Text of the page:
As more doses of the COVID-19 vaccine are being distributed, some health officials say fewer people are lining up for their shot.
While nationwide hesitancy has become better, health officials say North Dakota is one of the states that are seeing an increase — which has an effect on the doses sitting on shelves.
“Obviously those that were affected by COVID, whether family members or working in different businesses or different healthcare or have seen the effects of COVID, are maybe a little bit more interested in getting the vaccine,” explained Sherry Adams.
Adams, who is the executive officer for the Southwestern District Health Unit, is out with her team across eight counties in western North Dakota holding vaccination clinics.
And she says it’s not just one group of people being hesitant.
“There’s still some concern out there. Some individuals are still saying, ‘I’ve had COVID and I can wait’ or ‘I don’t really need the vaccine, I’ve already had COVID so I should have immunity,'” said Adams.
Since President Joe Biden pushed for more allocations of vaccines across the nation, there is no shortage of doses — but there is a shortage of arms to put them into.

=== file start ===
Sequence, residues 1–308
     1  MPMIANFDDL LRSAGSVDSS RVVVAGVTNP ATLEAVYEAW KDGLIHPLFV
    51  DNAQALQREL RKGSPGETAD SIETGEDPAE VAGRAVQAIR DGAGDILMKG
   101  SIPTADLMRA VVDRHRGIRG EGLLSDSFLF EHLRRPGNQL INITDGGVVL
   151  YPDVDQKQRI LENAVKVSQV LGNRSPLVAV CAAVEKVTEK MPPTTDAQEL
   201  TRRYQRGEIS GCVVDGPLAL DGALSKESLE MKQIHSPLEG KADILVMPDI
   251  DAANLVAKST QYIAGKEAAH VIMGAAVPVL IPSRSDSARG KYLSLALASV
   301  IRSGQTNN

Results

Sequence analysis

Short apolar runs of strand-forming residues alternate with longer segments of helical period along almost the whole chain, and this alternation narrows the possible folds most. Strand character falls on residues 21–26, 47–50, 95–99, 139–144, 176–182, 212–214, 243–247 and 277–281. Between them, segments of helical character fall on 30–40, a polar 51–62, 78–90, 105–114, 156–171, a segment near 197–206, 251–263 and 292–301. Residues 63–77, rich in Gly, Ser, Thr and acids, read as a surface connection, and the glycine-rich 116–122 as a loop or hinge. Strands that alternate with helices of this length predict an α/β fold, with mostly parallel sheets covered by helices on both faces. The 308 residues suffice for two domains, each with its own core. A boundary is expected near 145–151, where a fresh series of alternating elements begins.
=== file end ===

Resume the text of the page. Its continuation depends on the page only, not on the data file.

“We’ve hit that point where everybody that was in such a hurry to get vaccinated has been and now it’s more the people that are kind of sitting on the fence waiting to make that decision. So that’s why we find ourselves with more than we expected,” said Joan Galbraith, the Pharmacy Quality and Clinical Research Manager for CHI. ST Alexius.
As the health department allocates doses on a weekly basis, they will shortly be switching over to order by demand, which would help with storage and not wasting doses.
“So once it hits us it can go in a regular freezer and it stays there for two weeks. So when we’re ready to use it then we pull it out. Once it hits the refrigerator then it’s only good for five days,” explained Galbraith.
The North Dakota Department of Health also received an update on variants in the state.
35 cases of not just one, but three different variants are now in the state.
“Most of them are the California variant, the United Kingdom variant, but we do have our first South African variant that was reported as well. These variants are in North Dakota. They are circulating,” said Kirby Kruger, the Section Chief of Disease Control for the NDDOH.
Kruger says Pfizer has now proven to be effective against the South African variant.
While it is unknown at this time about the other strains and vaccines, he says the vaccine is still the most effective way to not contract or have a severe case of the virus.